One of the most common questions I get asked, while talking about platforms, relates to the issue of labor on platforms. Facebook and Twitter, among others, get a lot of value from their users and make billions of dollars, but the users don’t see much kickback.
The economics of free-labor platforms
Social networks like Facebook and Twitter leverage free labor from a global talent pool to deliver a business that has near-zero marginal costs of value creation. A mouthful of words but it essentially means the following.
In traditional Pipe models, every act of value creation has an associated marginal cost associated. There are fixed costs of running the pipe’s infrastructure (i.e. the factory, personnel, equipment etc.) and there are marginal costs associated with the production of every new unit of a good or service in that Pipe business. While most Pipe businesses have a good handle of fixed costs, a lot of optimization work focuses on reducing marginal costs, as that directly helps the company scale. If you can produce more units at less cost per unit, your margins improve and your business scales.
This is where free-labor platforms like Twitter and Facebook becomes interesting. They drive marginal costs of value creation to zero. Facebook incurs practically no marginal costs associated with the creation of a new status update. YouTube, likewise, has no marginal costs associated with creation of a new video. It may incentivize the creation of some videos for a variety of reasons but the video creation cost isn’t borne by YouTube.
This allows such platforms enormous leverage. Coupled with the network effect, that creates a natural pull for value producers (in case of YouTube, video uploaders) as the network scales, this model of free labor is guaranteed to create a form of scale, hitherto unprecedented.
These platforms then monetize the value created (in the form of attention, data etc.) but do not pass back any proceeds to these value creators. YouTube, unlike many other platforms, does share some money back with some producers, but most other platforms are run on free labor.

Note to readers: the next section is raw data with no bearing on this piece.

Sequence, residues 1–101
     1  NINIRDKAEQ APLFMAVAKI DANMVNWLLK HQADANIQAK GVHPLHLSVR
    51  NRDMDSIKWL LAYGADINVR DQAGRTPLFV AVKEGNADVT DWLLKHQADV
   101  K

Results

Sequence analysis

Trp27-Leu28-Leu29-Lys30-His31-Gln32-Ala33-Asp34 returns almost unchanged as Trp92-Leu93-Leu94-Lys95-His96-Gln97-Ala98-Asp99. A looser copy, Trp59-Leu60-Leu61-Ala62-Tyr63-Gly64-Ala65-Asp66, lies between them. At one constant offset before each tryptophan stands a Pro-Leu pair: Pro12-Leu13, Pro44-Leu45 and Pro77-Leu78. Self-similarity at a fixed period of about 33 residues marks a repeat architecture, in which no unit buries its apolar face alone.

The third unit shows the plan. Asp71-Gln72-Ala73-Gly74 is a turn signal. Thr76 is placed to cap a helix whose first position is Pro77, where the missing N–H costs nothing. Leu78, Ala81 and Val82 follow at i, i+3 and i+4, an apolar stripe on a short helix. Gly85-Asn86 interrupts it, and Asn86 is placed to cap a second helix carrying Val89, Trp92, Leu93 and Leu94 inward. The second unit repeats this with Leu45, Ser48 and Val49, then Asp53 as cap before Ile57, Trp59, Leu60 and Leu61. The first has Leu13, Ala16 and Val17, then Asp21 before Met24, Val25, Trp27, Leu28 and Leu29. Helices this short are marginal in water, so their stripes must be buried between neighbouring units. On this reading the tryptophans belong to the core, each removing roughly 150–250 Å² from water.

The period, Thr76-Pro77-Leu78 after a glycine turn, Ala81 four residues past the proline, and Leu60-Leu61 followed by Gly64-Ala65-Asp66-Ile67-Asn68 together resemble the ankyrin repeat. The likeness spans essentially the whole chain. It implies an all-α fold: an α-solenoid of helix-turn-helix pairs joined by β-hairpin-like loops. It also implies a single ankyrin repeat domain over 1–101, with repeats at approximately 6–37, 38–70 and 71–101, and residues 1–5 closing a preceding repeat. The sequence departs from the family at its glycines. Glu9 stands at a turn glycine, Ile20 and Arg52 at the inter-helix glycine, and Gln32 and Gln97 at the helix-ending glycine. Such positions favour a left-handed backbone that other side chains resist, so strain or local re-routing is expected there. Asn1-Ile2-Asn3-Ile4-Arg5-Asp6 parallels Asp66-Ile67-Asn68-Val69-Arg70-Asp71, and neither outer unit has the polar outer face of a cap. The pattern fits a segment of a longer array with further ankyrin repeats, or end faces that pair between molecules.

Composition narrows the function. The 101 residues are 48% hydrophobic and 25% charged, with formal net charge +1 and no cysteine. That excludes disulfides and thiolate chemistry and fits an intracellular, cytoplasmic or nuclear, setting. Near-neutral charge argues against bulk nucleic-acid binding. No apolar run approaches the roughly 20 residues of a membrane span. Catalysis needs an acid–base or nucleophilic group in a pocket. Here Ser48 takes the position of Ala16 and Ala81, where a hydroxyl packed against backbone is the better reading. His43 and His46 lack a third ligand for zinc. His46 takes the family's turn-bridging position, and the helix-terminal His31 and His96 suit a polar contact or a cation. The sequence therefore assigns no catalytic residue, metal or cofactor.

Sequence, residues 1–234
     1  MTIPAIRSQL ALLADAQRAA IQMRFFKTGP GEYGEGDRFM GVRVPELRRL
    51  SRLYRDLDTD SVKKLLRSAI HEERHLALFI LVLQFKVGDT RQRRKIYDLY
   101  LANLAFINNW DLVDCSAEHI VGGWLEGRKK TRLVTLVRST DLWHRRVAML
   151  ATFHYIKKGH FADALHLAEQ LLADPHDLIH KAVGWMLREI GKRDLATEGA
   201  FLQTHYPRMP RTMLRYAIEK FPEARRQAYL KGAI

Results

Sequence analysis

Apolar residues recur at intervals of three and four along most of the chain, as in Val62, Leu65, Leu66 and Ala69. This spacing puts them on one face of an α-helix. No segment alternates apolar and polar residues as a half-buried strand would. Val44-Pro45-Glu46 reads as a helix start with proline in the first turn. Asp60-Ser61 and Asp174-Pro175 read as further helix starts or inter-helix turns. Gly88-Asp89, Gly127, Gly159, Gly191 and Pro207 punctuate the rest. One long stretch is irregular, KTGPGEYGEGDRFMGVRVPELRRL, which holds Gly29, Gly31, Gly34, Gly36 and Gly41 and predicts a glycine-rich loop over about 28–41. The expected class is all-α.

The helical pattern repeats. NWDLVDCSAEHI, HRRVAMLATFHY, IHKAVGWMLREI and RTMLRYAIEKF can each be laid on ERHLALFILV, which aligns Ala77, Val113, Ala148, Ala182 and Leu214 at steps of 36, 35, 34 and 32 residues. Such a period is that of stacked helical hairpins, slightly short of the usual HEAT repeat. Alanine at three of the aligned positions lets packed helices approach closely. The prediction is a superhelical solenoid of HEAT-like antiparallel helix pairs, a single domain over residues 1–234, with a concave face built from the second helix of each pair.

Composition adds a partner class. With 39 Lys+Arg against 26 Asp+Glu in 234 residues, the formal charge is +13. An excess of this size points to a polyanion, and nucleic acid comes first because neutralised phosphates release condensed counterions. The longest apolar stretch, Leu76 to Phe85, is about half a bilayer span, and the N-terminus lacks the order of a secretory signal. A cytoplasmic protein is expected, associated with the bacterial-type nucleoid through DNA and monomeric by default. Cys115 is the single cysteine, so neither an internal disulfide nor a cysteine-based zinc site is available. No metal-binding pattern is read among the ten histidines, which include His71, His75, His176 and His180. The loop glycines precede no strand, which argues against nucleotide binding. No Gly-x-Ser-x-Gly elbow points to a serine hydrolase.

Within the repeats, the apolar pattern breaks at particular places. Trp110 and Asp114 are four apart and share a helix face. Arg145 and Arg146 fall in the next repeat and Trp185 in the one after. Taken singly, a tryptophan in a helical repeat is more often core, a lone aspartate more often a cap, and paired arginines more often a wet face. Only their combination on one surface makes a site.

As a result, one of the common criticisms often leveled against such platforms is the argument that they live off free labor and should logically/ethically/morally ‘do the right thing’ and pass some of the kickback back to the users.
That’s a good idea, right? Think Network Effects
When it comes to platforms, the good ideas are typically the ones that strengthen the network effect and the bad ideas are the ones that weaken it.
Is paying value creators a good idea? Only if it leads to desirable interactions on the platform, that in turn, strengthen the network effect.
Every networked platform needs to structure the right incentives for its users. These incentives may be organic (fun, fame, fulfillment) or inorganic (fortune). But platforms need a balance of incentives that leads to the right types of interactions.
Paying someone to use Facebook or LinkedIn may, for instance, possibly encourage the most undesirable interactions. Teenagers in need of some quick money may fill up a professional network. Even when structured on a model that rewards quality, users would tend to game the system. If higher votes mean more money, entire alternate markets could get created to game the system, buy votes and make money. Such markets already exist for gathering fake fans and followers (and votes, actually).